It works! https://t.co/6wotLMV8Yt pic.twitter.com/zyNQqtlVMIApril 2, 2020
Yesterday, 16-year-old Twitter user @0xN0ri (Nori for short) posted a thread where they continually tried to run the 32-bit version of Windows 10 on smaller and smaller amounts of RAM, using the operating system’s 1909 November update as a base and running it on Oracle VM Virtualbox off what they told Tom's Hardware was a Dell Inspiron 3670 running Arch Linux.
Starting at 512MB, they repeatedly succeeded in lowering the RAM needed to run the OS, first cutting it down to 256MB, then again to 192MB at another user’s request. Windows booted up under all three arrangements, but finally blue screened at 128MB.
128 is a bit too low pic.twitter.com/1WKlcHfKGLApril 2, 2020
The lowest RAM Nori could get a response from was 140MB, which allowed the operating system to boot, but not to run the UI for logging in.
Windows 10 can boot on a bare minimum of 140MB RAM but LoginUI.exe won't start pic.twitter.com/KNymGWzUCbApril 2, 2020
It’s an impressively low-spec achievement, coming close to Windows XP’s recommended RAM of 128MB all the way from 2001.
When we reached out to Nori for details, they told us that the CPU for the project was an Intel Core i5-8400 with one core dedicated to the virtual machine, and that the version of Windows they chose to experiment on was Windows 10 Pro x86. They didn’t disable any services or make any changes to install it, and the page file was 2.8GB large.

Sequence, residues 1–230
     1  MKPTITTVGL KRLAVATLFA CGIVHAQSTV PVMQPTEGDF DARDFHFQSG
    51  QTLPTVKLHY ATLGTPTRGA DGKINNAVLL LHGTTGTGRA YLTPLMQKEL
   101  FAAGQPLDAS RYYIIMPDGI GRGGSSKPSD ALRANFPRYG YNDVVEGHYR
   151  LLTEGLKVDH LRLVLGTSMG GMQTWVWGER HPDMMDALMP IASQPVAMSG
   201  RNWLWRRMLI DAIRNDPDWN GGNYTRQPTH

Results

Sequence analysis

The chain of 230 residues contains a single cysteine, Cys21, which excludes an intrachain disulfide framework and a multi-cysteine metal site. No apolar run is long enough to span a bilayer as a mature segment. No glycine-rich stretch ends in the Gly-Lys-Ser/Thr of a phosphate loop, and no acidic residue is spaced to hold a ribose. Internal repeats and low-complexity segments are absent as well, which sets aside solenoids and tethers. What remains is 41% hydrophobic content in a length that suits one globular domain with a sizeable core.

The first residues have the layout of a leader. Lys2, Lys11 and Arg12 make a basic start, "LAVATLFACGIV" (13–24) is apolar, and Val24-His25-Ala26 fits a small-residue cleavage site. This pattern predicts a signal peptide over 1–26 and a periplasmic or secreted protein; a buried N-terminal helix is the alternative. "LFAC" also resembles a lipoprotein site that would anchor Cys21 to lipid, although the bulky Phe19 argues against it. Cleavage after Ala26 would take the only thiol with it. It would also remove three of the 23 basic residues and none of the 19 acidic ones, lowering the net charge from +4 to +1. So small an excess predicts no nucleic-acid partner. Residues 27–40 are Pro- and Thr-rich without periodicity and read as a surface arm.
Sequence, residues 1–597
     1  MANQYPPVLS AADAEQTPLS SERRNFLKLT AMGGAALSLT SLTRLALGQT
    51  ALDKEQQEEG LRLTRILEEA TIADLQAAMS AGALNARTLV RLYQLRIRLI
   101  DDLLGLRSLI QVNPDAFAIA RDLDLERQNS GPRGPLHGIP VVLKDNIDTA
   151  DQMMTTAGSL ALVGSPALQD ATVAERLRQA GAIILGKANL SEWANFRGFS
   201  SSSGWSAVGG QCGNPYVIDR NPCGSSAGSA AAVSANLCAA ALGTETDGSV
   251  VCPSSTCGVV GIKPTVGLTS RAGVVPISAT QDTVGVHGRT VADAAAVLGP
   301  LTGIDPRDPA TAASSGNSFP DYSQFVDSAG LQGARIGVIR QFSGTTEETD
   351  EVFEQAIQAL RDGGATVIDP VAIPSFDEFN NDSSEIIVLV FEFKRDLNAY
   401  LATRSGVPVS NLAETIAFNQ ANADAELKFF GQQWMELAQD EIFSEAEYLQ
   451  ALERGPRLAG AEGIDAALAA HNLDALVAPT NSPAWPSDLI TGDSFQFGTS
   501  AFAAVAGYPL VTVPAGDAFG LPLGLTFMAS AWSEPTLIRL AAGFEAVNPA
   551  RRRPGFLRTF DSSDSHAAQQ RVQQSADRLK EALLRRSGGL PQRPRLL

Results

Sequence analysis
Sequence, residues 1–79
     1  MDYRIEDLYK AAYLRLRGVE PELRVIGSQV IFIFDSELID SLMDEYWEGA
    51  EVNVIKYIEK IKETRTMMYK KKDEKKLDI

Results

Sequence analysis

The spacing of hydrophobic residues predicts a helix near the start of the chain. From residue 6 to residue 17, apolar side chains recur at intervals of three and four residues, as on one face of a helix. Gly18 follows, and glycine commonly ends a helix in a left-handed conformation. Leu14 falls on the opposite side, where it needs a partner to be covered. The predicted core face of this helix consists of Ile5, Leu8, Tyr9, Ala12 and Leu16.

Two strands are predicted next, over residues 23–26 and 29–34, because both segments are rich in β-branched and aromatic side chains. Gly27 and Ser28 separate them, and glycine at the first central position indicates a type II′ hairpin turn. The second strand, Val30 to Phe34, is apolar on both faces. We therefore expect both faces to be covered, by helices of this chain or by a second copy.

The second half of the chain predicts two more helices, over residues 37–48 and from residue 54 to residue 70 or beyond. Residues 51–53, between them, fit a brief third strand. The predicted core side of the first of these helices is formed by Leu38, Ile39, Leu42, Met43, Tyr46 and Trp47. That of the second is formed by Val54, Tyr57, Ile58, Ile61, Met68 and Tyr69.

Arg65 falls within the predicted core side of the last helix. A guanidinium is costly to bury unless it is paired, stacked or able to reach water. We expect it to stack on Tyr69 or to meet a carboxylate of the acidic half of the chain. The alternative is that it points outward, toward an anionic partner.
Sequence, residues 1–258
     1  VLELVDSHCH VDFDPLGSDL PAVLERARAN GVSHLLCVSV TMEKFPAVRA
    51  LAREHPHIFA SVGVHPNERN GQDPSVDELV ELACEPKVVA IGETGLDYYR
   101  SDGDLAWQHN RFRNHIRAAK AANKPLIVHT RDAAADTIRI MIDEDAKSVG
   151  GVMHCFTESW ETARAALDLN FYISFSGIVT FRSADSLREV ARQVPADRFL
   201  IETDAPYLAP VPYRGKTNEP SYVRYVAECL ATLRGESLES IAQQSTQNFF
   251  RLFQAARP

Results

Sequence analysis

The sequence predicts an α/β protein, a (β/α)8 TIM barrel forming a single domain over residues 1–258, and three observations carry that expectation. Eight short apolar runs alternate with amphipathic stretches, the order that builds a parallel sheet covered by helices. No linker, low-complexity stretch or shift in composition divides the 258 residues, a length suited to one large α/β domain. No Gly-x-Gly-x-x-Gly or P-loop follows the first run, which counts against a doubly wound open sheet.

“It took around three minutes to boot up to the desktop and it’s unusable with the virtual machine file stored on my 7200RPM hard drive,” they explained to us. “I was only able to get task manager, cmd, and file explorer open on 192MB RAM and the performance was very bad with 15MB free.”
So why go through all the trouble? It’s a fun experiment.
Fun experimentApril 2, 2020
For more projects from Nori, check out their Github about page, where they talk more in-depth about their passion for booting different operating systems on embedded devices and under strange conditions.